Miami Hurricanes Position Preview: Defensive Ends
One thing was clear about last season for the Miami Hurricanes. Their defense was bad. Historically, embarrassingly bad. They finished near the bottom in every statistical category. However, one area that was particularly terrible was the pass rush. The Canes finished 11th in the ACC with just 13 quarterback sacks. Even with an emphasis on blitzing, quarterbacks had plenty of time to throw. Three times opposing quarterbacks threw for over 400 yards against Miami, and that wasn’t entirely the secondary’s fault.
Miami must improve their pass rush especially from the defensive end position. The defensive group was young last year, but they are now a year older and that excuse just won’t satisfy Canes fans this year.
Senior defensive end Shayon Green (6-foot-3, 265 pounds) returns as the most consistent overall player on the defense, but after failing to register a single sack last season, he has to show more. Green is playing on a surgically repaired knee which has slowed his speed off the edge. He has to adjust and become more technically sound with his footwork and pass rush moves. Waiting in the wings if Green should be hurt or fail to improve is fellow senior Kelvin Cain (6-foot-3, 245 pounds), who is much faster off the edge than Green, but is not as stout against the run. Cain will be used on passing downs and must improve on his single sack from a year ago.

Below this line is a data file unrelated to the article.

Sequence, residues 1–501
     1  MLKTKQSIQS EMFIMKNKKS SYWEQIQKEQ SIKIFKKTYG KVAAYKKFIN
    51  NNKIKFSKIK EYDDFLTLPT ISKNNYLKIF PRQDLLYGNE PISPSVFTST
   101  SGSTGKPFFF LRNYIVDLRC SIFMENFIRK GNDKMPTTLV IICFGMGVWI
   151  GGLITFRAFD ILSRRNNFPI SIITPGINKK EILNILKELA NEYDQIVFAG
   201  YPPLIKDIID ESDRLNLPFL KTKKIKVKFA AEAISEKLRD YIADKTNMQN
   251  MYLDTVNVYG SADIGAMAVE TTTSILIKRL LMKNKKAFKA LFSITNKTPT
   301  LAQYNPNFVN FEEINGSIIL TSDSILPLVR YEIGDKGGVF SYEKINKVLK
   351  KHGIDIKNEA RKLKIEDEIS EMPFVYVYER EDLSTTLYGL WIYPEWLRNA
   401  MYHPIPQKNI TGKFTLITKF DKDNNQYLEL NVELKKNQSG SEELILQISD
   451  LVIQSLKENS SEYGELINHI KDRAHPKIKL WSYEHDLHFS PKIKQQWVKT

Opposite Green is Hurricane legacy Anthony Chickillo. The junior Chickillo (6-foot-4, 275 pounds) has been more bark than bite during his football career at Miami. Although he was the Canes sack leader last season, he only had four. He has also shown a tendency to disappear for long stretches. He has to lead through his play this season and not just his mouth.
Jelani Hamilton (6-foot-5, 285 pounds) just might push Chickillo for playing time. Hamiliton was a four-star recruit out of high school, and showed flashes of greatness during spring practice. He is also big enough where he could move down to defensive tackle.
The sleeper among the defensive ends might be incoming freshman Alquadin Muhammed (6-foot-3, 235 pounds), who was very highly touted out of high school and is by far the most athletic of the group. Given a chance, he might be the one to open the pass rush flood gates.
Overall, the defensive ends are a year older, bigger and stronger, but if they cannot generate a pass rush, they will not win the Coastal as many expect them too. Too often last season, the ends were physically dominated and appeared to lack toughness. That has to change. They have to get better. Let’s be honest: they can’t get much worse.
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